Under Prop 57, there’s no direct filing of juvenile cases in adult court, and prosecutors have less discretion to request their transfer. For ages 14 or 15, they may request a transfer only if the kid is charged with a serious or violent felony. For ages 16 or 17, it can be any felony but not a misdemeanor.

Some things haven’t changed, like the criteria for deciding whether a minor’s case should be transferred to adult court. These include the following:

  • the nature and seriousness of the charges
  • the degree of criminal sophistication he displayed, given his age, maturity, intelligence, environment, and upbringing
  • his prior history of delinquency, if any
  • whether he can be rehabilitated by the time he comes of age or close to it

Out of the Mouths (or Lives) of Babes

If you’re on probation, can the court require you to surrender your passwords to your electronic devices and social-media accounts, so they can be searched at any time?

California has been weighing that question lately, and one month ago, the Court of Appeal issued decisions in two separate juvenile cases—one with a girl and one with a boy—that help shed light on the answer.

For starters, courts have plenty of discretion in formulating probation conditions, and when it comes to kids, they have even more latitude than they do with adults because kids need more guidance and supervision, and their rights haven’t ripened to maturity.

The final analysis, however, is the same for kids or adults: A probation condition is invalid if it’s not reasonably related to any of the following: (1) your underlying crime; (2) conduct that is criminal in itself; or (3) conduct that makes it more likely you’ll commit more crime. See People v. Lent (1975) 15 Cal. 3d 481, 486; In re D.G. (2010) 187 Cal. App. 4th 47, 52-53 (applying Lent to juvenile probation conditions).

First, the girl’s case. It began one day when she was meeting with her school counselor, who thought she was high on something because she was acting fidgety and her pupils were dilated. After their meeting, the girl left her purse behind, so the counselor opened it and found a sandwich bag of 30-45 orange pills. The counselor took one of the pills before the girl came back for her purse, and the pill later tested positive for amphetamine.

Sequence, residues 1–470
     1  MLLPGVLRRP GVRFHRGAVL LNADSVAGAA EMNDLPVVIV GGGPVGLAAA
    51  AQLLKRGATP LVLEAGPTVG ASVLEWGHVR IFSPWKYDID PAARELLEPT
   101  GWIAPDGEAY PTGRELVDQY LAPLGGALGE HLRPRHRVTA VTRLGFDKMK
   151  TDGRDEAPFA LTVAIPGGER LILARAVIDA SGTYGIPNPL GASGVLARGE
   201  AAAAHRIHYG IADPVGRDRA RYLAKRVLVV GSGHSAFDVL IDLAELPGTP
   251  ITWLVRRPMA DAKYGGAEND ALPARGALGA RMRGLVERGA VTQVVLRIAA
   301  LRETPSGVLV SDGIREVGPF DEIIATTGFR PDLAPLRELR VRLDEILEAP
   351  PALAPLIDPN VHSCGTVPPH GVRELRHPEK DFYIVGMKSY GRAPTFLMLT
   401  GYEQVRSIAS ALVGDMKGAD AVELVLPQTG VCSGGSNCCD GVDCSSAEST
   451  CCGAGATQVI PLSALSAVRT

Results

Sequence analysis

Subsequently, the girl admitted to misdemeanor possession of ecstasy, and the court put her on probation, which included drug testing as well as searches of her person, room, vehicle, and property.

She didn’t fight those conditions, but another one was that she submit to searches of her electronic devices and surrender her passwords to them. The probation office hadn’t recommended that, and the girl objected to it, but the court wouldn’t budge.

On appeal, however, the court struck that condition because there was nothing in the record that tied the girl’s drug possession to her use of electronic devices. The government argued that she could’ve used her devices to sell the pills, but there was no evidence she ever did that. Since her use of electronic devices was not criminal in itself, and it bore no reasonable relationship to her risk of getting in trouble again, the court struck the condition.

Next, the boy’s case. It began one night when he and his friends robbed and assaulted three different people. The boy was already on probation because of a prior robbery, and he admitted the new violations. The court ordered him detained, and it also ordered all his probation conditions to remain in place, including existing search conditions for his person, room, vehicle, and property. The prosecutor then suggested an additional search condition for his electronic devices, and the court agreed, ordering the boy to submit to searches of his electronic devices and social-media accounts and to turn over all his passwords.

On appeal, the court agreed that the boy, who’d stolen cell phones in the past, would need to submit to searches of devices found in his possession to confirm that he owned them.

But the court stopped short of permitting unfettered searches of the devices he did own or requiring him to give up his social-media passwords. That was a step too far because there was no evidence that the boy used email, text messaging, social media, or other personal data to facilitate his criminal activity, and his personal data implicated not just his privacy rights but those of other kids and people who were not subject to court supervision. So the court modified the electronics-search condition accordingly.